Sorry to give you some­thing so heavy — like an an­chor — but that is all I seem to be able to ar­tic­u­late of my feel­ings. The rest is some­thing like a void, a glow, a hug that is not there.

Say that the noth­ing the moon says is what I want to say to you — that hug ar­tic­u­lated the only way it can be. Does that make it an aus­pi­cious moon, or only an aching one? (Here I am stay­ing up all night again, but with not you to come to. Drop it for now. Look at the moon.) You know “I love you” in a way “that” doesn’t say. Love Colin

Colin Morton was born in Ottawa in 1948. He is a poet and fic­tion writer and in the 1980s was a mem­ber of a po­etry per­for­mance group that toured Canada. Morton has pub­lished more than 10 books of po­etry, re­viewed books ex­ten­sively and pub­lished es­says. His fic­tion book The Lo­cal Clus­ter (2008) was short­listed for an Ottawa Book Award in 2009.


When I first laid eyes on you, you seemed so el­e­gant (it was your coiffed hair). You re­minded me of Mrs. Whit­tle from el­e­men­tary school, whose white blouses I ad­mired as a school­boy.

For you, I ached and burned. Did you hear the crackle of my fire?

All at once, in an in­stant, I de­sired for you to let me be your rea­son why; to hal­low me with your em­brace, con­se­crate me with your smile, sanc­tify me with your touch.

At first dis­ori­ented, I soon be­came dis­il­lu­sioned. Af­ter that first week of my wish­ful imag­in­ing, your true colours were vividly dis­played, and my bliss­ful hal­lu­ci­na­tions dis­si­pated like morn­ing dew.

Par­don me; I thought you were some­one else.

Post Scrip­tum: Why weren’t you that per­son?

Bran­don Mar­lon is a play­wright and poet in Ottawa. He stud­ied at the Amer­i­can Academy of Dra­matic Arts in New York, the Uni­ver­sity of Toronto and the Uni­ver­sity of Vic­to­ria. His po­etry has been pub­lished widely in Canada, the U.S.A., and Is­rael. Mar­lon’s two po­etry col­lec­tions are In­spi­ra­tions of Is­rael: Po­etry for a Land and Peo­ple (2008) and Judean Dreams (2009). His play, The Bleed­ing Sea­son, won the Canadian Jewish Play­writ­ing Prize in 2007.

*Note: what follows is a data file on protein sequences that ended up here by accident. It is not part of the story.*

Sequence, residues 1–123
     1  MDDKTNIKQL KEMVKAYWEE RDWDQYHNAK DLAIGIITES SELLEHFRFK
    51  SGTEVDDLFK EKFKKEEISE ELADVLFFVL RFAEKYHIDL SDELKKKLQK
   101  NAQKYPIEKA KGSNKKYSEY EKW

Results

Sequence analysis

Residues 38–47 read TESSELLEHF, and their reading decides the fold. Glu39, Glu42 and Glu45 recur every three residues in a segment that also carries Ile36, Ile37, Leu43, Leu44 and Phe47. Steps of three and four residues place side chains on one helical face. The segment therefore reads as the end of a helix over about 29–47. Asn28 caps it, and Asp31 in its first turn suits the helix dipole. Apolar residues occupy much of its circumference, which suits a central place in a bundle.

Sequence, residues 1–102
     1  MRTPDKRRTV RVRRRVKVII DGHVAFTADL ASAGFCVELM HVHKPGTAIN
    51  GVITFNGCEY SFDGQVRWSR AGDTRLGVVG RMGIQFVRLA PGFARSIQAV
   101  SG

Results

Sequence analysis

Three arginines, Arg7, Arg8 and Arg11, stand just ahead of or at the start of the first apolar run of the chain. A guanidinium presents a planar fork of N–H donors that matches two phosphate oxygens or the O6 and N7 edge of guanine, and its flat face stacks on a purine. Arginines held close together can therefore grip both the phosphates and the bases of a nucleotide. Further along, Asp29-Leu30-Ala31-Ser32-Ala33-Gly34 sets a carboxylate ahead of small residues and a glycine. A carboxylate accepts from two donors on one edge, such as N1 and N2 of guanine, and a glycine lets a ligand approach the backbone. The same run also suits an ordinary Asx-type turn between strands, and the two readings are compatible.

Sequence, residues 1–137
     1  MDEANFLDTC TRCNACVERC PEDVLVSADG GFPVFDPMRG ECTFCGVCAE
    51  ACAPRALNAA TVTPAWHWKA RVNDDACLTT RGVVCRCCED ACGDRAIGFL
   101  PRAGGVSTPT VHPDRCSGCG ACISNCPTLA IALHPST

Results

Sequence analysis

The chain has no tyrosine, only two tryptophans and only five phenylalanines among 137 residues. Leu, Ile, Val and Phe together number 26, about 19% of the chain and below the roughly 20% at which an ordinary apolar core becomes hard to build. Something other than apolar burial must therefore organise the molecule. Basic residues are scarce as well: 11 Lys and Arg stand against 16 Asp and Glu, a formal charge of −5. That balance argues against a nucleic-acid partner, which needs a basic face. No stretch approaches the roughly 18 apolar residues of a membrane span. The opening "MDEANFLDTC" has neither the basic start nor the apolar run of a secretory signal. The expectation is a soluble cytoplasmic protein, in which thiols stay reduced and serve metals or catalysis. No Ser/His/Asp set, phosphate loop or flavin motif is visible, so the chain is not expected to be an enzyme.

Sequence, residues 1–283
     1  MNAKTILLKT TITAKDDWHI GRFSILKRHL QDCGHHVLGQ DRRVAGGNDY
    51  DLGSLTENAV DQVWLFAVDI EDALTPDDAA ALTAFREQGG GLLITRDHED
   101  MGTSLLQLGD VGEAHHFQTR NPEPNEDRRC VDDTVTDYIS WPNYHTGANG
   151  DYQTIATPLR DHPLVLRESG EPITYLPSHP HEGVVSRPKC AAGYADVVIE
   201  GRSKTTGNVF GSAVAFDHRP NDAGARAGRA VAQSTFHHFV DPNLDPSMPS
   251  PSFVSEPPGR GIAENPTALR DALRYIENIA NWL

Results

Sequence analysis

Dear Men­tor/Tor­men­tor This One’s for you O Men Tore Tore Men Tore: Men tore My art Not my heart, Pull ease, Pull lease. I imp Lore You too Cease and De­sist De sir­ing To Con Core Mon coeur. It’s not For rent For good Nest Ache. Till next we Meet, we part, Yr Penn pal.

Penn Kemp was born in Strathroy, Ont., in 1944. In ad­di­tion to be­ing a nov­el­ist, es­say­ist and poet, she is a sound poet and mul­ti­me­dia per­former. She stud­ied at the Uni­ver­sity of West­ern On­tario, re­ceiv­ing de­grees in English and ed­u­ca­tion. She be­came the first poet lau­re­ate for Lon­don, Ont., in 2010. She has pub­lished more than 20 books of po­etry and re­leased 10 CDs. In 200910 she was writer in res­i­dence at the Uni­ver­sity of West­ern On­tario.


‘Sorry to give you some­thing so heavy — like an an­chor — but that is all I seem to be able to ar­tic­u­late of my feel­ings. The rest is some­thing like a void, a glow, a hug that is not there,’ Colin Morton in 1972 to Ottawa writer Mary Lee Bragg.

‘For you, I ached and burned. Did you hear the crackle of my fire?’ Ottawa writer Bran­don Mar­lon said in a 2013 let­ter to an un­known valen­tine.